Masterplan approved for heritage-listed Carlton Gardens

The City of Melbourne Council has endorsed the Carlton Gardens Masterplan 2022.

The masterplan covers Carlton Gardens South and Carlton Gardens North and sets out how both areas of the park will be managed. Management of the Royal Exhibition Building and the land immediately surrounding it is subject to a separate masterplan that is the responsibility of Museums Victoria.


Carlton Gardens and the exhibition building are a World Heritage listed site and subject to the World Heritage Management Plan 2013, which sets out recommendations on its management.

“It is very rare for a municipal authority to have oversight over a World Heritage site,” councillor Rohan Leppert said.

“So it is only proper that we are incredibly thorough in the way that we masterplan for this area.”

In 2020, a review of the World Heritage Management Plan from 2013 was deemed necessary, prompting a simultaneous review of the council’s Carlton Gardens Masterplan.

“The World Heritage Management plan requires an update to this document and all the other component documents of the plan every seven to ten years,” Leppert said.

“That is as to be expected for a World Heritage site.”

The site was Australia’s first built environment inclusion on the World Heritage List, added in 2004, and is one of only two in Victoria—the other is the Budj Bim Cultural Landscape.

It is deemed to have local and state heritage significance as it is a traditional meeting place for the Wurundjeri Woi Wurrung people of the Eastern Kulin.

Despite the dislocation of the Aboriginal people from the land during the foundation of Melbourne in 1835, the Carlton Gardens has been used as a meeting place since the 1930s for Aboriginal people and is included on the Victorian Aboriginal Heritage Register.

The site is also considered heritage significant on a national scale as it is where Australia’s first national parliament was held, in 1901, and where the first Australian flag was flown.

It also served as the Victorian Parliament’s location when the National Parliament took over the Spring Street Parliament House buildings during construction of Canberra’s original Parliament House.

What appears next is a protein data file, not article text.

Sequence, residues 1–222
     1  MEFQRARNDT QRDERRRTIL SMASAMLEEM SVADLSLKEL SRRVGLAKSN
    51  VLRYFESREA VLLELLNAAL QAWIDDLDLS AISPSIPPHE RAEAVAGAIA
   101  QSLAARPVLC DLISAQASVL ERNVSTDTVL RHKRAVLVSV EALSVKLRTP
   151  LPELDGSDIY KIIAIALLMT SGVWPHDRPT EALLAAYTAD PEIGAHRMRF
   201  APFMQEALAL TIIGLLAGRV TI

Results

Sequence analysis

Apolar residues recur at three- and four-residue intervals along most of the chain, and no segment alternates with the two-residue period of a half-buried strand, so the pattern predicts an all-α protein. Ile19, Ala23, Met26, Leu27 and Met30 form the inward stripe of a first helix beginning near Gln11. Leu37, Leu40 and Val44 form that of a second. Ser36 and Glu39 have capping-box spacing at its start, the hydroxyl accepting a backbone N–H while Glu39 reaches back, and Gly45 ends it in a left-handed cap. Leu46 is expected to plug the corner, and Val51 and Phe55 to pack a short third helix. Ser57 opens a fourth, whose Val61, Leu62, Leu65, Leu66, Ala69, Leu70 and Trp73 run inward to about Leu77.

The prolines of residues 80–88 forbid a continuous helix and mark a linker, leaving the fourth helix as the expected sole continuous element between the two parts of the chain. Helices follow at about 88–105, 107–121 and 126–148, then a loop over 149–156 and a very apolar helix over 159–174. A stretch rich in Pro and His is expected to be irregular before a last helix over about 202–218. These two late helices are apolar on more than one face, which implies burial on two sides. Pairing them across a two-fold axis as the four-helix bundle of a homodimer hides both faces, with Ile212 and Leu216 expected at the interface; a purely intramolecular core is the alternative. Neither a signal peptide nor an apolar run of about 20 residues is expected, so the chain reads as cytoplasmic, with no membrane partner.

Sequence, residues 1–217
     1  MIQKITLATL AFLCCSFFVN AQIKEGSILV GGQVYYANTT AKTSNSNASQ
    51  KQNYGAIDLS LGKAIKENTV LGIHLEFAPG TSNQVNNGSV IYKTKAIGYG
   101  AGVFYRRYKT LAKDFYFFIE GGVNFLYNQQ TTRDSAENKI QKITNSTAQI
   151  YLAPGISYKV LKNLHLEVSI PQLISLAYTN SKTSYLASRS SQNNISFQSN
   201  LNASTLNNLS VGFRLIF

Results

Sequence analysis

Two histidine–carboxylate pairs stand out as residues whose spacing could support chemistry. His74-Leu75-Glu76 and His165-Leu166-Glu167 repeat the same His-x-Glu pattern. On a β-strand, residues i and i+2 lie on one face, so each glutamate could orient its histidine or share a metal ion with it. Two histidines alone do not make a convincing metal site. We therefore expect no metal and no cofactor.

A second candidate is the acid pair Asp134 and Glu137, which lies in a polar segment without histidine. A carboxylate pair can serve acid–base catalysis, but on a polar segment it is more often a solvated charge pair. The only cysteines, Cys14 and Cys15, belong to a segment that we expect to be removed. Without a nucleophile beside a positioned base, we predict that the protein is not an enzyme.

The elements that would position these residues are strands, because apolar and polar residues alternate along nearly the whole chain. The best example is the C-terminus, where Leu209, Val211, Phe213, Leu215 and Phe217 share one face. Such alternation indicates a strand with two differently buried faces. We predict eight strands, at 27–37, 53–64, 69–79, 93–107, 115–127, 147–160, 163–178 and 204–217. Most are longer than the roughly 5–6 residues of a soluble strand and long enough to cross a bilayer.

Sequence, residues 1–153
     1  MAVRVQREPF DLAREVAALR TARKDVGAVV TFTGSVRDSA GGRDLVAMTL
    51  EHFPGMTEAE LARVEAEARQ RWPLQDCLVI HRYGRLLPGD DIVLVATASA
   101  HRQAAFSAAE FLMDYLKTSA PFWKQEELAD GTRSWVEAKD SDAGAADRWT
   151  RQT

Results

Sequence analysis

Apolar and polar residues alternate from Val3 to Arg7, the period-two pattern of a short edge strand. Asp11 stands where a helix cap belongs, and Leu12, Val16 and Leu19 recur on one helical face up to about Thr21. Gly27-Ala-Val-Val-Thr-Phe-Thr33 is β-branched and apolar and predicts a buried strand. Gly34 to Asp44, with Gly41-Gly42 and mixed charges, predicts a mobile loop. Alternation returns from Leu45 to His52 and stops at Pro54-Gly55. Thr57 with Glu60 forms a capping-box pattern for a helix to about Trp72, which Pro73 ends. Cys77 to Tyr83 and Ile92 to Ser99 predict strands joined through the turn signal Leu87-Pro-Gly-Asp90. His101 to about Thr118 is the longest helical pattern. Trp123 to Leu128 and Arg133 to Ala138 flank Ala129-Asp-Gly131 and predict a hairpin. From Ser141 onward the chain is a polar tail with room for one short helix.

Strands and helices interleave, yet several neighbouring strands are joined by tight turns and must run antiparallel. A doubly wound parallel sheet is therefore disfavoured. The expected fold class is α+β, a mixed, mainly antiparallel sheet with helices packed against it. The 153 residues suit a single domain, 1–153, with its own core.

A Traditional Owners and First Peoples Cultural Values report created by GML Heritage in 2020-21 has contributed to the masterplan.

The steering committee also undertook community engagement in mid-2020 and incorporated suggestions from submissions.

The masterplan includes recommendations for better protection and management of the meeting place for Aboriginal people and intervention to care for the Moreton Bay fig trees that mark the space.

It also includes recommendations for upgrading and improving public facilities such as recreation areas and public toilets as increasing residential density around the park is increasing its use by the public.

There were also recommendations for better managing the plant life and biodiversity within the gardens to cope with the consequences of climate change.

These included changing to more drought tolerant species, investigating changes to the Royal Exhibition Building’s roof to prevent damage from water run off during extreme weather events and potential stormwater infrastructure changes.

“With climate change affecting the ability of certain species to grow and thrive, that did raise a number of challenging questions for our arborists about what new tree species we would be planting in those gardens,” deputy mayor Nicholas Reese said.

It also recommended investigating more options for the public’s access to information about the gardens and different ways to achieve this beyond self-guided cultural walks and the online website.

The council will decide on any changes to the masterplan arising from the revision of the World Heritage Management Plan as they come up.

The World Heritage Management Plan revision will be completed in 2023.

Via The Urban Developer

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